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LIVE FROM RSNA: At Massachusetts General, an Assertive Push into CDS for Radiologists

December 1, 2015
by Mark Hagland
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Dr. Tarik Alkasab is helping to lead a highly innovative CDS initiative at Massachusetts General Hospital
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At Massachusetts General Hospital in Boston, Tarik Alkasab, M.D., Ph.D., service chief for Informatics /IT and Operations, and a practicing radiologist, is helping to lead an important initiative around establishing and expanding a menu of clinical decision support offerings intended to help radiologists at the very busy hospital, which performs nearly one million radiological studies a year, and whose medical staff includes 200 radiologists—about 120 attendings, about 30 residents, and about 50 fellows. Alkasab spoke with HCI Editor-in-Chief Mark Hagland on Tuesday at the McCormick Place Convention Center in Chicago, during the RSNA Conference, sponsored by the Radiological Society of North America. He and his colleagues are using a solution created by the Burlington, Mass.-based Nuance Communications, in collaboration with the National Decision Support Company (NDSC).

As the press release, issued on Monday, Nov. 30, notes, “By leveraging ACR Select™, nationally-recognized Appropriate Use Criteria (AUC) published by the American College of Radiology and exclusively licensed by NDSC, physicians are guided to order the most clinically-appropriate exam for a patient while working within their native electronic health record (EHR) workflow. ACR Select, which is widely deployed and integrated with major EHRs, is used by physicians nearly one million times per month when seeking clinically-validated imaging guidance when ordering exams. This helps healthcare providers comply with federal law that will require physicians to consult qualified decision support criteria when ordering Medicare outpatient advanced imaging exams.”

Tarik Alkasab, M.D., Ph. in the Nuance Communications booth at RSNA15

Below are excerpts from Hagland’s interview with Dr. Alkasab.

Let’s begin by talking about the clinical and organizational context around your and your colleagues’ work in this area.

Yes, certainly. We have a staff of about 200 radiologists altogether, and do nearly a million studies a year. In that context, creating high-quality, low-variability processes is a challenge. We have so many modality machines. And obviously, we’re managing a number of external imaging sites as well. I spend, and the leadership spends, an enormous amount of time thinking about variability—how to manage variability, how to reduce variability.

What kinds of variability are involved?

It’s everything—setting people up to do the right study is complicated in its own right, and we’ve been one of the pioneers in creating decision support for ordering physicians. We also have systems in place to make sure that we do a particular type of study in a consistent way. Beyond that, the reporting process, in terms of how the radiologist handles the process, is next. One of the things that comes up all the time for a radiologist is seeing a nodule in a lung or a patient’s adrenal gland, in a CT, or possibly an MR. The question for the radiologist is—usually, three’s a follow-up imaging study that a radiologist would recommend. It’s unlikely that these things are significant, but if you found out a couple of months later that the nodule is growing, that would be an important finding.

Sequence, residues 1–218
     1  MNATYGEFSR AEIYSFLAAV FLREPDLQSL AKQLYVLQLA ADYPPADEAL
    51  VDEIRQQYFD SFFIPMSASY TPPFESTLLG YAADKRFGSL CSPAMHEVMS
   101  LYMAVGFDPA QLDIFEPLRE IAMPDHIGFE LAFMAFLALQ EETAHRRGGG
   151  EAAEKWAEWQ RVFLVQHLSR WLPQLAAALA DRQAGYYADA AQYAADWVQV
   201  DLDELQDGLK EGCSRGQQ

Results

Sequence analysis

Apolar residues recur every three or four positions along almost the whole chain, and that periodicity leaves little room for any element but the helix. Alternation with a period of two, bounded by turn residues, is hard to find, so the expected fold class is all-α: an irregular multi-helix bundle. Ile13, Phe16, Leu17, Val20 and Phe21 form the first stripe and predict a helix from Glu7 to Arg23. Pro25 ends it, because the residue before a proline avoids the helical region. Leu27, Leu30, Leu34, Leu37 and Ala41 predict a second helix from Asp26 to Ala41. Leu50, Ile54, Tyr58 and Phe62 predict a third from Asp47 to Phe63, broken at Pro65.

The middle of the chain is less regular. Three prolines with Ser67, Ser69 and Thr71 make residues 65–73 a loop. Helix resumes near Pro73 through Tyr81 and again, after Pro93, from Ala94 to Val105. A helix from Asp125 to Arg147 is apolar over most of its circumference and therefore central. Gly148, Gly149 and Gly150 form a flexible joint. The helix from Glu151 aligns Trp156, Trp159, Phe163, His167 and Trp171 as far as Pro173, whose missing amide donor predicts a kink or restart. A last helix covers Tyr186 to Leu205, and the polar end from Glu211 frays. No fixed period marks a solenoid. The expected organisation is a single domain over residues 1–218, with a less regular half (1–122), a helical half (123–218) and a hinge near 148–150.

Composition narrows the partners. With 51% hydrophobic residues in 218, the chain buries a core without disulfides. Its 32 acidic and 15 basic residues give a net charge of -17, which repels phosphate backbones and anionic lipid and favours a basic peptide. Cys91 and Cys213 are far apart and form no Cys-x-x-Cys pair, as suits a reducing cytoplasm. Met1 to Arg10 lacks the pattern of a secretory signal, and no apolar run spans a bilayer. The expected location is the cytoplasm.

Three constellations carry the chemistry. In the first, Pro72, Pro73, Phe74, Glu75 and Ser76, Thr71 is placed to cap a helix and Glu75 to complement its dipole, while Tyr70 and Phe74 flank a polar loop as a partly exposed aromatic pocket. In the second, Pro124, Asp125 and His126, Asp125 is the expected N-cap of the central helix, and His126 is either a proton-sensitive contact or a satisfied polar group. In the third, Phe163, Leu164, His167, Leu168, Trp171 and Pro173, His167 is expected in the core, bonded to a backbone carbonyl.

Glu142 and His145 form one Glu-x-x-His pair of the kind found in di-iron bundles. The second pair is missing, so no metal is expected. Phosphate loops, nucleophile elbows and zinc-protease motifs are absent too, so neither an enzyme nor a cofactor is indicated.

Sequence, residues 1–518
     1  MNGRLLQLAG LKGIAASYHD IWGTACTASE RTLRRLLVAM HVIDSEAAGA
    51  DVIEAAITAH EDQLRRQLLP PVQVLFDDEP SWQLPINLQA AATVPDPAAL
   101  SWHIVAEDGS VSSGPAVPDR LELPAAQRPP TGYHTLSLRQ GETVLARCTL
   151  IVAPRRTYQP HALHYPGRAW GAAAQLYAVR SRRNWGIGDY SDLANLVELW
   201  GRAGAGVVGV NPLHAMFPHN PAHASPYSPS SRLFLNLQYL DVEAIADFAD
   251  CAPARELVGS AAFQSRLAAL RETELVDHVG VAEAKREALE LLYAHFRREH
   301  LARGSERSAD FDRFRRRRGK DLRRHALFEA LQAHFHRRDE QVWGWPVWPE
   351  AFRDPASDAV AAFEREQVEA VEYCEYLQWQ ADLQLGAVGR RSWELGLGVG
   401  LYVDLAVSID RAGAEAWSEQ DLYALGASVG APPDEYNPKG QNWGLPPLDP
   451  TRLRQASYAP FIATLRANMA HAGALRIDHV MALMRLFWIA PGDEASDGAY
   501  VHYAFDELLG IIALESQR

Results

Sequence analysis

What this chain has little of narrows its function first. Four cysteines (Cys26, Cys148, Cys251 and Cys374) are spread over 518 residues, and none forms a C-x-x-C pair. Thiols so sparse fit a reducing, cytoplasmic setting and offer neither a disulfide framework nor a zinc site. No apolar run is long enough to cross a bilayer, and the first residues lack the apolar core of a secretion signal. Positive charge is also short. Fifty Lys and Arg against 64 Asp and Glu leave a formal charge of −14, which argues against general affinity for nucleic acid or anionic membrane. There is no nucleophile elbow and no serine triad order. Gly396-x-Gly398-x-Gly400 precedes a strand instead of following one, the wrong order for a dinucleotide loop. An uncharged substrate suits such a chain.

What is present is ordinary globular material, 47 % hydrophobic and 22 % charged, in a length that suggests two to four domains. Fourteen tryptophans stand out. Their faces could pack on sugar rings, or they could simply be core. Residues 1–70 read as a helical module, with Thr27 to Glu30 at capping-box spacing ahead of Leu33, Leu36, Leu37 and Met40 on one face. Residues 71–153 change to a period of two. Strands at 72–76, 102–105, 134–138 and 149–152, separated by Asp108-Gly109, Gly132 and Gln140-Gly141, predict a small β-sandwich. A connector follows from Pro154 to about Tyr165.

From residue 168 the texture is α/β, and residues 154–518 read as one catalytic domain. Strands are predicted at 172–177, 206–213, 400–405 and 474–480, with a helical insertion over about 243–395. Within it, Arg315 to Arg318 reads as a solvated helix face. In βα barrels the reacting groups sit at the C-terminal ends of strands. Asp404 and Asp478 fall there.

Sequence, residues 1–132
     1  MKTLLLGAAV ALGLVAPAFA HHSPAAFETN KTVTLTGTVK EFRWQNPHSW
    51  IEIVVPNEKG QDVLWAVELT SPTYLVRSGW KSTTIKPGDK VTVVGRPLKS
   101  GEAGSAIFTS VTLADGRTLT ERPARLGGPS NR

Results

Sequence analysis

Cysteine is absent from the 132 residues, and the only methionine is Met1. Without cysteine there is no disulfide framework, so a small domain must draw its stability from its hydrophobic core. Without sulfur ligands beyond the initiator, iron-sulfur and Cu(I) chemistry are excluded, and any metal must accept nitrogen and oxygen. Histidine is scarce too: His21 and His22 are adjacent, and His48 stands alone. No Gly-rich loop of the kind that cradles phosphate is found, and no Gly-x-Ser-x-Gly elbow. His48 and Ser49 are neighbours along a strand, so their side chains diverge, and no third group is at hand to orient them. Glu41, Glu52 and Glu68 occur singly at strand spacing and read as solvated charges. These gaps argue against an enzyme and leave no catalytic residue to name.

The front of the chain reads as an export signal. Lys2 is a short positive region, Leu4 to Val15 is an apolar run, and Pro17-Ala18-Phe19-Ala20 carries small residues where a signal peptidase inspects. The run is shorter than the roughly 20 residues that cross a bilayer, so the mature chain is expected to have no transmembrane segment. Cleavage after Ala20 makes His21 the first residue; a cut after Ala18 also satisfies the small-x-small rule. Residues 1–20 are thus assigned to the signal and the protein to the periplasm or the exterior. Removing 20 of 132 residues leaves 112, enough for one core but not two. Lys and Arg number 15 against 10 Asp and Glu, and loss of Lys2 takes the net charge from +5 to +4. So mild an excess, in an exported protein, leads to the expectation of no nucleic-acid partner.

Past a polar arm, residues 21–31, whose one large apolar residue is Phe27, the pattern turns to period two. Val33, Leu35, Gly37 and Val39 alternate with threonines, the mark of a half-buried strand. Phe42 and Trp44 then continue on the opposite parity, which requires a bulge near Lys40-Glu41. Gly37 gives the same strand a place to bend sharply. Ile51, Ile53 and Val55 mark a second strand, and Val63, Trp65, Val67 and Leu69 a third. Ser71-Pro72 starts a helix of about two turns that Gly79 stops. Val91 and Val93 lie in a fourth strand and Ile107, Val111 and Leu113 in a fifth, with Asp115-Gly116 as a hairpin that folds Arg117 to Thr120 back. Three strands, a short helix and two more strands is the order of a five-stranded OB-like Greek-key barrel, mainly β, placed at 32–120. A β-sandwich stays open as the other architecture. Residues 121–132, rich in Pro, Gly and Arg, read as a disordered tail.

And you are hoping that radiologists who follow the guidelines will become more consistent clinically?

Yes, we want to help the radiologists following the guidelines. There are dozens now. And because the imaging studies we do see so much, there are all kinds of clinical scenarios that might take place from a particular type of study. Looking at abdomen and chest CTs for a day, you’ll probably come across 5 or 6 pulmonary nodules, 1 or 2 adrenal nodules, something in a pancreas, something in a liver, and they should be saying something consistent in what they’re saying and in what a colleague might say tomorrow, reading those same CTs.

The thing is, as physicians, you weren’t trained to necessarily be consistent with standardized norms, correct? Historically, traditional medical school training has focused on physician judgment at the point of diagnosis, in purely individual situations.

Yes.  It is still important for radiologists to carefully consider the clinical context and the individuality of patients. And one of the most valuable things a radiologist can ask is the “what else can it be?” question. That’s one of the most valuable things we do. But the things that we’re talking about tend to be sort of routine, incidental things, and there tends to be a routine way of handling these things. And if guidelines apply, it’s best for the radiologist to use the guidelines; it’s simpler for everyone to understand. And legally, it creates kind of a safe harbor for them, by following a clear standard of care, which is an advantage. And as things get more consistent, it’s easier for the people to have to do the follow-up to have confidence in the recommendations, as opposed to off-the-cuff recommendations, which can introduce ambiguity.

Has there been any resistance among the radiologists at Mass General to becoming more standardized in their practice patterns?


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